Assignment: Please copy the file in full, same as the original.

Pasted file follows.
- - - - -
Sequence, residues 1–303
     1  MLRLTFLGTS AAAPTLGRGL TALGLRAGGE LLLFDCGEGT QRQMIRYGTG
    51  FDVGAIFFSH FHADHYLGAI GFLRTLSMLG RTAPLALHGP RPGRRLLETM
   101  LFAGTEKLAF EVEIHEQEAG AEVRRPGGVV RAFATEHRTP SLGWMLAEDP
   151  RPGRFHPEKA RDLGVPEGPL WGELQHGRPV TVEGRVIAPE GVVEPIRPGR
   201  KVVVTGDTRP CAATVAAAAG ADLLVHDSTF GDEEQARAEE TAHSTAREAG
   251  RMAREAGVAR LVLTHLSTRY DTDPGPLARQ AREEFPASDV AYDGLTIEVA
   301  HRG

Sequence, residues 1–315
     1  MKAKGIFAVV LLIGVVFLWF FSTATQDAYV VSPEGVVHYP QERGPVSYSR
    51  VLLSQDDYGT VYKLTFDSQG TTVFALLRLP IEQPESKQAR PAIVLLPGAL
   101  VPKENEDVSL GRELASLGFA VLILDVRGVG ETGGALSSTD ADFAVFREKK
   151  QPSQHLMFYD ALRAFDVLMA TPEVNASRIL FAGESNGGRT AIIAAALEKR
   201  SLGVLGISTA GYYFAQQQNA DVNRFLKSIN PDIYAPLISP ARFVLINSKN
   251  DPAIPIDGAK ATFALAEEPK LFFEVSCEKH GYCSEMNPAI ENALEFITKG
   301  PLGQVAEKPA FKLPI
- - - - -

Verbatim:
Sequence, residues 1–303
     1  MLRLTFLGTS AAAPTLGRGL TALGLRAGGE LLLFDCGEGT QRQMIRYGTG
    51  FDVGAIFFSH FHADHYLGAI GFLRTLSMLG RTAPLALHGP RPGRRLLETM
   101  LFAGTEKLAF EVEIHEQEAG AEVRRPGGVV RAFATEHRTP SLGWMLAEDP
   151  RPGRFHPEKA RDLGVPEGPL WGELQHGRPV TVEGRVIAPE GVVEPIRPGR
   201  KVVVTGDTRP CAATVAAAAG ADLLVHDSTF GDEEQARAEE TAHSTAREAG
   251  RMAREAGVAR LVLTHLSTRY DTDPGPLARQ AREEFPASDV AYDGLTIEVA
   301  HRG

Sequence, residues 1–315
     1  MKAKGIFAVV LLIGVVFLWF FSTATQDAYV VSPEGVVHYP QERGPVSYSR
    51  VLLSQDDYGT VYKLTFDSQG TTVFALLRLP IEQPESKQAR PAIVLLPGAL
   101  VPKENEDVSL GRELASLGFA VLILDVRGVG ETGGALSSTD ADFAVFREKK
   151  QPSQHLMFYD ALRAFDVLMA TPEVNASRIL FAGESNGGRT AIIAAALEKR
   201  SLGVLGISTA GYYFAQQQNA DVNRFLKSIN PDIYAPLISP ARFVLINSKN
   251  DPAIPIDGAK ATFALAEEPK LFFEVSCEKH GYCSEMNPAI ENALEFITKG
   301  PLGQVAEKPA FKLPI